The above data indicated that the PLCE1 rs2274223 variant was significantly associated with LSCC risk. As subject characteristics like age, sex, smoking and drinking status are all cancer-related factors [26-28], we next tested the associations by stratified each of the above factors (Table 3). The results suggested that the association between the PLCE1 rs2274223 and LSCC risk was with higher significance in individuals elder than 60 (OR =1.50, 95% CI = 1.05-2.15, P=0.027), males (OR =1.39, 95% CI = 1.03-1.86, P = 0.030) or nonsmokers (OR = 2.00, 95% CI = 1.09-3.69, P = 0.026). The association between the PLCE1 rs2274223 and LSCC risk were not significance in individuals less than 60 years old, females or smokers. The association between the PLCE1 rs2274223 and LSCC risk were not significance in both drinkers and nondrinkers, which may due to relatively small sample size in this study. No significant interaction was observed for rs2274223 and sex, age, smoking status or drinking status (Table 4).
Characteristics summary of study subjects
|LSCC (n=331)||Controls (n=349)||P values*|
|Age (years), Mean ±SD||60.42±10.00||62.02±8.61|
|Gender, n (%)||0.0004|
|Male||308 (93.1)||295 (84.5)|
|Female||23 (6.9)||54 (15.5)|
|Smoking status||< 0.0001|
|Nonsmoker, n (%)||46 (13.9)||145 (41.5)|
|Smoker, n (%)||285 (86.1)||204 (58.5)|
|Drinking status||< 0.0001|
|Nondrinker, n (%)||111 (33.5)||193 (55.3)|
|Drinker, n (%)||220 (66.5)||156 (44.7)|
P values are calculated by using chi-squared test.
Investigation of tumor susceptibility is of particular significance for cancer evaluation and therapy , and many SNPs had been extensively confirmed to be associated with tumor susceptibility [30-34]. Our current study focused on the association between LSCC risk and PLCE1 rs2274223, a very hot and promising biomarker for upper digestive cancers, especially ESCC.
After collecting 331 LSCC patients and 349 healthy controls samples and genotyped with PLCE1 rs2274223, we found that the PLCE1 rs2274223-G was significantly associated with a higher LSCC risk, which is similar with its association in ESCC [13-17]. Further stratified analysis demonstrated that age, sex, and smoking status may affect the association. However, the PLCE rs2274223variant exhibited different behaviors in the susceptibility of different cancer types. For example, the PLCE1 rs2274223 A/G might reduce gene expression and the G allele might contribute to a higher risk of colorectal cancer . And the bladder cancer development was suggested to be related to increased PLCE1 expression , and overexpression of PLCE1 also positively affected on transfer of the head and neck squamous cell carcinoma . Therefore, whether and how the PLCE1 rs2274223 altered the PLCE1 expression paten in LSCC patients and the LSCC development need to be investigated in the future.
There were still several limitations in this study at current stage. Firstly, the sample size of this study was relatively small with limited power. More subjects should be recruited in the future study to replicate the association. Besides, subjects from different region may exhibit different sensitivity, so large multicenter study should be performed, and more comprehensive analysis should be carried out. Finally, cancer development was always driven by multiple genes mutations, so analysis of PLCE1 rs2274223 combining with other SNP on affecting LSCC susceptibility should be performed in following study.
In summary, this study identified that the rs2274223 variant in PLCE1 was significantly associated with the susceptibility of LSCC. This variant may serve as a potential biomarker for the early detection of LSCC.
PLCE1: phospholipase C epsilon 1; LSCC: laryngeal squamous cell carcinoma; OR: odds ratio; 95% CI: 95% confidence interval; GWAS: genome-wide association study; SNP: single nucleotide polymorphism.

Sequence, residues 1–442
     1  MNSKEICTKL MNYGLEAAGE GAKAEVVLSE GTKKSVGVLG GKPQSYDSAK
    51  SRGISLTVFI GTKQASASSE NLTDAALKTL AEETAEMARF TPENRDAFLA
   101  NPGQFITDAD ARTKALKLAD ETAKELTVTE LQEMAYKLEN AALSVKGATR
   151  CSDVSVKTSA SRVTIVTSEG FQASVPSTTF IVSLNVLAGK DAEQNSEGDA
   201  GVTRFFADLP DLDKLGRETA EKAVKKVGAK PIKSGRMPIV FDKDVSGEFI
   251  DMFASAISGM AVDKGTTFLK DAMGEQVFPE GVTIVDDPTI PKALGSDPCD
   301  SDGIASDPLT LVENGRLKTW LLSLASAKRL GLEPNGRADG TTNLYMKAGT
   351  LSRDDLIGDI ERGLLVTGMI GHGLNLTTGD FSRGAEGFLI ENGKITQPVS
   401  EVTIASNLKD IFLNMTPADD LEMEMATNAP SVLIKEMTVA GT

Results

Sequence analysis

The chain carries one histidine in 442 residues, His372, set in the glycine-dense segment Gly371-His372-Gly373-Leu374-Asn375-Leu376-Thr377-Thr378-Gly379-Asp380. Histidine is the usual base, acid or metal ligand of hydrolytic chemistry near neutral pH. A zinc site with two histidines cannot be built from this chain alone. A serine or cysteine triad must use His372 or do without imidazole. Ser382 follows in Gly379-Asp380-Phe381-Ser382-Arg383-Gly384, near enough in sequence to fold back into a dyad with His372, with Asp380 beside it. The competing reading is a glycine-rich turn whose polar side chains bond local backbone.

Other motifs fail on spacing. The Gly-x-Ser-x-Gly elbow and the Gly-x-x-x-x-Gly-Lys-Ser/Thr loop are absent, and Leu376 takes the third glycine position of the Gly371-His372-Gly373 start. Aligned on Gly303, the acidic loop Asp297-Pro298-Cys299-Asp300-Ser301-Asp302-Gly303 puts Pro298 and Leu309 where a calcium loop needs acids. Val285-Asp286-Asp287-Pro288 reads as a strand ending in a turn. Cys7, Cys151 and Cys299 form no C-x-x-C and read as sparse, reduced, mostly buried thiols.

Allele frequencies and exact test for Hardy-Weinberg equilibrium of rs2274223
|A/A Count (Proportion)||A/G Count (Proportion)||G/G Count (Proportion)||A Count (Proportion)||G Count (Proportion)||P value|
|All subjects||394 (0.58)||260 (0.38)||26 (0.04)||1048 (0.77)||312 (0.23)||0.039|
|Controls||216 (0.62)||125 (0.36)||8 (0.02)||557 (0.80)||141 (0.20)||0.045|
|Cases||178 (0.54)||135 (0.41)||18 (0.05)||491 (0.74)||171 (0.26)||0.310|
P values are calculated by using exact test for Hardy-Weinberg equilibrium.
Summary of PLCE1 rs2274223 and its association with risk of LSCC
|Model||Genotype||Controls||Cases||OR (95% CI)||P value|
|A/A||216 (61.9%)||178 (53.8%)||1.00|
|A/G||125 (35.8%)||135 (40.8%)||1.28 (0.92-1.79)||0.146|
|G/G||8 (2.3%)||18 (5.4%)||2.82 (1.13-7.06)||0.026|
|Dominant||A/A||216 (61.9%)||178 (53.8%)||1.00||0.056|
|A/G-G/G||133 (38.1%)||153 (46.2%)||1.37 (0.99-1.90)|
|Recessive||A/A-A/G||341 (97.7%)||313 (94.6%)||1.00||0.035|
|G/G||8 (2.3%)||18 (5.4%)||2.56 (1.03-6.34)|
|Overdominant||A/A-G/G||224 (64.2%)||196 (59.2%)||1.00||0.260|
|A/G||125 (35.8%)||135 (40.8%)||1.21 (0.87-1.68)|
OR, odds ratio; CI, confidence interval. P values are two sided and were calculated in logistic regression analysis adjusted for sex, age, smoking status and drinking status. Significant results were in bold.
Summary of stratified analysis of associations between rs2274223 and LSCC risk in additive model
|MAF Cases||MAF Controls||OR (95% CI)||P value*||Interaction P value|
|> 60||0.271||0.197||1.50 (1.05-2.15)||0.027||0.677|
|≤ 60||0.245||0.214||1.23 (0.75-2.00)||0.408|
MAF, minor allele frequency; OR, odds ratio; CI, confidence interval. *P values are two sided and were calculated in logistic regression analysis adjusted for sex, age, smoking status and drinking status. The interaction P values were calculated by conducting a one degree-of-freedom Wald test of a single interaction parameter as implemented in an unconditional logistic regression with age, sex, smoking status or drinking status as covariates.
This study received no specific grant from any funding agency in the public, commercial or not-for-profit sectors.
Ningyu Wang conceived the idea, Yi Zhang, Wei Li, Ying Wang enrolled the subjects, collected the sample and clinical information, Wei Li performed the DNA extraction and genotyping, Ying Wang analyzed data and prepared the tables, Yi Zhang drafted the manuscript, and all authors reviewed and final approved the manuscript.
The authors have declared that no competing interest exists.
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Corresponding authors: Dr. Yi Zhang, ORCID ID: 0000-0002-6126-8014, Department of Otolaryngology-Head and Neck Surgery, Beijing Chaoyang Hospital, Capital Medical University, No.8 Gongtinanlu, 100020, Beijing, China. E-mail: dr.yizhangedu.cn; Dr. Ningyu Wang, ORCID ID: 0000-0001-8260-3582, Department of Otolaryngology-Head and Neck Surgery, Beijing Chaoyang Hospital, Capital Medical University, No.8 Gongtinanlu, 100020, Beijing, China. E-mail: wny85231645com.